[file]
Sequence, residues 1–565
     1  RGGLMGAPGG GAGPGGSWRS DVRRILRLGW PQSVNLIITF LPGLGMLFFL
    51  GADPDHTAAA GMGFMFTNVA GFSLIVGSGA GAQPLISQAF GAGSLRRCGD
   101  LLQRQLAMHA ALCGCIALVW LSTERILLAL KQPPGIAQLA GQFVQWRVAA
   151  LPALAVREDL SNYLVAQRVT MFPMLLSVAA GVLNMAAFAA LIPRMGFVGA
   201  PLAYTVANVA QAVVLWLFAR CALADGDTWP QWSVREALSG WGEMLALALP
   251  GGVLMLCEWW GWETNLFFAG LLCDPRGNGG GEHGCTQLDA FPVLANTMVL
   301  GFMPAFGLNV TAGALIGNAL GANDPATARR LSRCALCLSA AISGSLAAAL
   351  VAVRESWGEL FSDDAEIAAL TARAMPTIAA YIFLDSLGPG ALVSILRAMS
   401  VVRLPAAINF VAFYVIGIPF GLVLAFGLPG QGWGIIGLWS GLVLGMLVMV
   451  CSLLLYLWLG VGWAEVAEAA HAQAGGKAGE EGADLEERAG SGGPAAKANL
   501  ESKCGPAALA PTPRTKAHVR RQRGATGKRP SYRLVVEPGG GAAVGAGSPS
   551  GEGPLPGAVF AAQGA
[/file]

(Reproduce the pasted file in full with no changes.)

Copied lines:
Sequence, residues 1–565
     1  RGGLMGAPGG GAGPGGSWRS DVRRILRLGW PQSVNLIITF LPGLGMLFFL
    51  GADPDHTAAA GMGFMFTNVA GFSLIVGSGA GAQPLISQAF GAGSLRRCGD
   101  LLQRQLAMHA ALCGCIALVW LSTERILLAL KQPPGIAQLA GQFVQWRVAA
   151  LPALAVREDL SNYLVAQRVT MFPMLLSVAA GVLNMAAFAA LIPRMGFVGA
   201  PLAYTVANVA QAVVLWLFAR CALADGDTWP QWSVREALSG WGEMLALALP
   251  GGVLMLCEWW GWETNLFFAG LLCDPRGNGG GEHGCTQLDA FPVLANTMVL
   301  GFMPAFGLNV TAGALIGNAL GANDPATARR LSRCALCLSA AISGSLAAAL
   351  VAVRESWGEL FSDDAEIAAL TARAMPTIAA YIFLDSLGPG ALVSILRAMS
   401  VVRLPAAINF VAFYVIGIPF GLVLAFGLPG QGWGIIGLWS GLVLGMLVMV
   451  CSLLLYLWLG VGWAEVAEAA HAQAGGKAGE EGADLEERAG SGGPAAKANL
   501  ESKCGPAALA PTPRTKAHVR RQRGATGKRP SYRLVVEPGG GAAVGAGSPS
   551  GEGPLPGAVF AAQGA